On July 10, 1927, the Curtis party reached Nunivak Island. Curtis was thrilled because while there had been Russian and American visitors to the island, there had been no proselytizing, so the stories and ceremonies in the Yupik dialect spoken there went on unchecked by Christianity. “Should any misguided missionary start for this island,” Curtis wrote, enlisting the natural world as his ally, “I trust the sea will do its duty.” Yupik tales and masks made their way to the Surrealists in New York and France, as recent exhibitions at the Heard Museum and elsewhere have revealed, and they exerted a powerful influence on the late work of Henri Matisse. Curtis reveled in Nunivak artistry and in the fact that these people smiled, broadly and often, as opposed to most of the Native Americans he had photographed. To him, Nunivak was sufficient unto itself, her people skilled at making kayaks and sewing skin coats, and hunting caribou on land and whales at sea. They fought and celebrated life on their own terms, from within their own cultural traditions, not on the terms of settlers or missionaries.
Look, for example, at the portrait of the young Nunivak woman, Kenowun. Her aspect is confident, curious, exuberant; her beaded piercings are nothing short of stylish. She seems entirely herself. One wonders whether, at the time he took this photograph, Curtis’s notion of the “vanishing race” might not have trembled, even crumbled at the edges. In fact, if I am correct, Kenowun had been photographed by Alaskan warden W.B. Miller two years earlier. In that photo, she stands by the wheel of a ship holding a child. Vanishing? Hardly.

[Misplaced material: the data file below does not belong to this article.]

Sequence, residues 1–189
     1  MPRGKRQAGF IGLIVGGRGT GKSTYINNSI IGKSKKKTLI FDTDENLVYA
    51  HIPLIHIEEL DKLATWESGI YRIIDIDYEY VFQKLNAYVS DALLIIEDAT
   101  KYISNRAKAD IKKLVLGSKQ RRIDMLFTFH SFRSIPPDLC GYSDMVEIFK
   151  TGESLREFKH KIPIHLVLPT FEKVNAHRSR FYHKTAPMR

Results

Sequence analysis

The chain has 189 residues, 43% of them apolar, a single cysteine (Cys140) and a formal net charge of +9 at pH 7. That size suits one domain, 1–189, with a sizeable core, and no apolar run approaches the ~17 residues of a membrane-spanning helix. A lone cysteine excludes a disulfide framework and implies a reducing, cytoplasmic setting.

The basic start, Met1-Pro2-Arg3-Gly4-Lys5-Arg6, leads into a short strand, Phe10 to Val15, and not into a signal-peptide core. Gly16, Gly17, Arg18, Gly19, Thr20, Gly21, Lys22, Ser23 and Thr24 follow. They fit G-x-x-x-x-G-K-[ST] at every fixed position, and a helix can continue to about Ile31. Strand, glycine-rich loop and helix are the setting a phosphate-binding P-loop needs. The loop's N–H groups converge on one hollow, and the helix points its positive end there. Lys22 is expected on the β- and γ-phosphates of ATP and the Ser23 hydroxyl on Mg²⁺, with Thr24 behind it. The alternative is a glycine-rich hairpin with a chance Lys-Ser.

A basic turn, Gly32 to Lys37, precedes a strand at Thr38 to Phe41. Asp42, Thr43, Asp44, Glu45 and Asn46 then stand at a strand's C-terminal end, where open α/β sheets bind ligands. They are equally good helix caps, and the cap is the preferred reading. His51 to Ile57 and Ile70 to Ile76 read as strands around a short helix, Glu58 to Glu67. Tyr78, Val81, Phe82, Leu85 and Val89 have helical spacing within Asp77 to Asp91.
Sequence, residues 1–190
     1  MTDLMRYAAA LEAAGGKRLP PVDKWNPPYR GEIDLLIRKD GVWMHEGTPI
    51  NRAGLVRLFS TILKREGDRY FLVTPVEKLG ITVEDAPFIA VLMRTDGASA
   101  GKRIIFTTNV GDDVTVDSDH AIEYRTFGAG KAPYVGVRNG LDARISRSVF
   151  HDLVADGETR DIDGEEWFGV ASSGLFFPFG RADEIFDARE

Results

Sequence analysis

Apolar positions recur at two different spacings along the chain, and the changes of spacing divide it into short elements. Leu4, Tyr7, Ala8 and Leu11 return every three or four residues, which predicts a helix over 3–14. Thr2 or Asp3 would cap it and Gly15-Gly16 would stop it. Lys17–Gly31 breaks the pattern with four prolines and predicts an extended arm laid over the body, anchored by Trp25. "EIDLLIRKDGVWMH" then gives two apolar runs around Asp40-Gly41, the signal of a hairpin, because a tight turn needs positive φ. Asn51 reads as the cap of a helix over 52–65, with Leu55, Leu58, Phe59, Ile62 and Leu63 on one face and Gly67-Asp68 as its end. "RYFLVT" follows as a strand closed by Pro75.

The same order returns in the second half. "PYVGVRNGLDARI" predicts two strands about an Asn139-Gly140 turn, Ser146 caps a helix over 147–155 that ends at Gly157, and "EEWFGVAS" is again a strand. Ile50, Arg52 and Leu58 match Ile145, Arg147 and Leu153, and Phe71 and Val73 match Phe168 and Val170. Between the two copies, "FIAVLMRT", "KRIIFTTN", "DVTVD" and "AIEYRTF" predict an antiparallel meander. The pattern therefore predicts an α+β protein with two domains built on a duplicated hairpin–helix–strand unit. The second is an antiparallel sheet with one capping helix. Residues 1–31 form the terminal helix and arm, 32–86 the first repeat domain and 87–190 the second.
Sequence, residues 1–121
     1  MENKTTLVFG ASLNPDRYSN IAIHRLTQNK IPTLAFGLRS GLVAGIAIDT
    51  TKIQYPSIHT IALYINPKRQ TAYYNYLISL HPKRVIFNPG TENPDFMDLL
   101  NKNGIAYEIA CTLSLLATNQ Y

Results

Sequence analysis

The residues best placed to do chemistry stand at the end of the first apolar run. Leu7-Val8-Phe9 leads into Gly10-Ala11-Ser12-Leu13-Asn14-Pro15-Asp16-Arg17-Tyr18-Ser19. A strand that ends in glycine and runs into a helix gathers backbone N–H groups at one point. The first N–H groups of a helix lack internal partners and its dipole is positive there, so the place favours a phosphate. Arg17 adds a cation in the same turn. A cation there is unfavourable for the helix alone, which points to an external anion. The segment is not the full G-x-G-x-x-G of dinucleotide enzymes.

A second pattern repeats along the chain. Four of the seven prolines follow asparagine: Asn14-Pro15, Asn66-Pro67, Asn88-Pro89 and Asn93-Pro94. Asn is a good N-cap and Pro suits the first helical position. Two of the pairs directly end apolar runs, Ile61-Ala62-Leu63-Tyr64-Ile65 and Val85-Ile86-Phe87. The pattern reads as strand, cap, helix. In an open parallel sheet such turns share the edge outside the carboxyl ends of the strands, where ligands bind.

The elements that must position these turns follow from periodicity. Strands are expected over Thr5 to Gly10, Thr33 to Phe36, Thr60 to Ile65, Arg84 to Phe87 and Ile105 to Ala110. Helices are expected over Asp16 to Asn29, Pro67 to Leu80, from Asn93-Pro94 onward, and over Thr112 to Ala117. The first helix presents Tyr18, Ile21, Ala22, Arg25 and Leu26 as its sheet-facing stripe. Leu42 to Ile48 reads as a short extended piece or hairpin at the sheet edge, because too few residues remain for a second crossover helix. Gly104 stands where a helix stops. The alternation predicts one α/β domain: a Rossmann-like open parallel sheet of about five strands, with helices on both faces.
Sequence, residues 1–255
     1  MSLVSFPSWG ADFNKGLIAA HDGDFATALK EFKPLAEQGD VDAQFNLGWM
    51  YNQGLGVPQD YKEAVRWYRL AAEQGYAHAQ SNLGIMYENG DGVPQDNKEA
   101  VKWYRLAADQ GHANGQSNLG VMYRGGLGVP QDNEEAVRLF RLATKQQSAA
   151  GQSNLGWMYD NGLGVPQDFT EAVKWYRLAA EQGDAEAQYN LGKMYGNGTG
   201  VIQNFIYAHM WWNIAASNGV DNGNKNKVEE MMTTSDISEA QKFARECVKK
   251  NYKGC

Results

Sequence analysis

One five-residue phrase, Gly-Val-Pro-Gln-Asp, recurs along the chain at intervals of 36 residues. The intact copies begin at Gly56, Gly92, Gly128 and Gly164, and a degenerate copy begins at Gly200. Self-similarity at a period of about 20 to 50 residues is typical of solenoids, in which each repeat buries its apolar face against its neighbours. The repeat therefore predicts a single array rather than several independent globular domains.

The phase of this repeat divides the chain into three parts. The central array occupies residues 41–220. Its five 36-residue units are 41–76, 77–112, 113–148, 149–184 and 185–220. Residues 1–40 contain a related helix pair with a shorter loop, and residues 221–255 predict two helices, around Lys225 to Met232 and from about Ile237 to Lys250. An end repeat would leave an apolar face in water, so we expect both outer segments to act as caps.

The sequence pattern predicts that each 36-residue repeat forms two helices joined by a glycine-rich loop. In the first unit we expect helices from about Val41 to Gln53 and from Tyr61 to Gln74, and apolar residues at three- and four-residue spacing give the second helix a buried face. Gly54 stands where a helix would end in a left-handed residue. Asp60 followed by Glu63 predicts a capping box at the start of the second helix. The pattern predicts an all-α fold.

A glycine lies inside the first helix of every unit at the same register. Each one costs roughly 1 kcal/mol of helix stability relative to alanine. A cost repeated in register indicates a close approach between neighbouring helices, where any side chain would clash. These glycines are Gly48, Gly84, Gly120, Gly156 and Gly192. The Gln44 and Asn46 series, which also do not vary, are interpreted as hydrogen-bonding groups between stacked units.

The dwellings on stilts Curtis scaled to explore—defying his whale-smashed hip—on King Island circled him back to the Pueblos of the Southwest. The place was deserted. As Timothy Egan wrote in his Curtis biography, Short Nights of the Shadow Catcher, “Everyone was away, Curtis surmised, and would take up residence only during the peak of the walrus migration.” Curtis himself wrote, “The village is like no other on the continent. These people may well be called North Sea Cliff Dwellers.” Curtis, who devoted himself to evidence, makes no explicit connection between Peoples of the Arctic and of the Southwest but leaves it to the reader to speculate on cultural transmission over time and across a continent. An image of Curtis’s vessel, the Jewel Guard, floating in front of the village clinging to the cliff, seems an apt metaphor for the fragility of the artist’s and all human endeavor.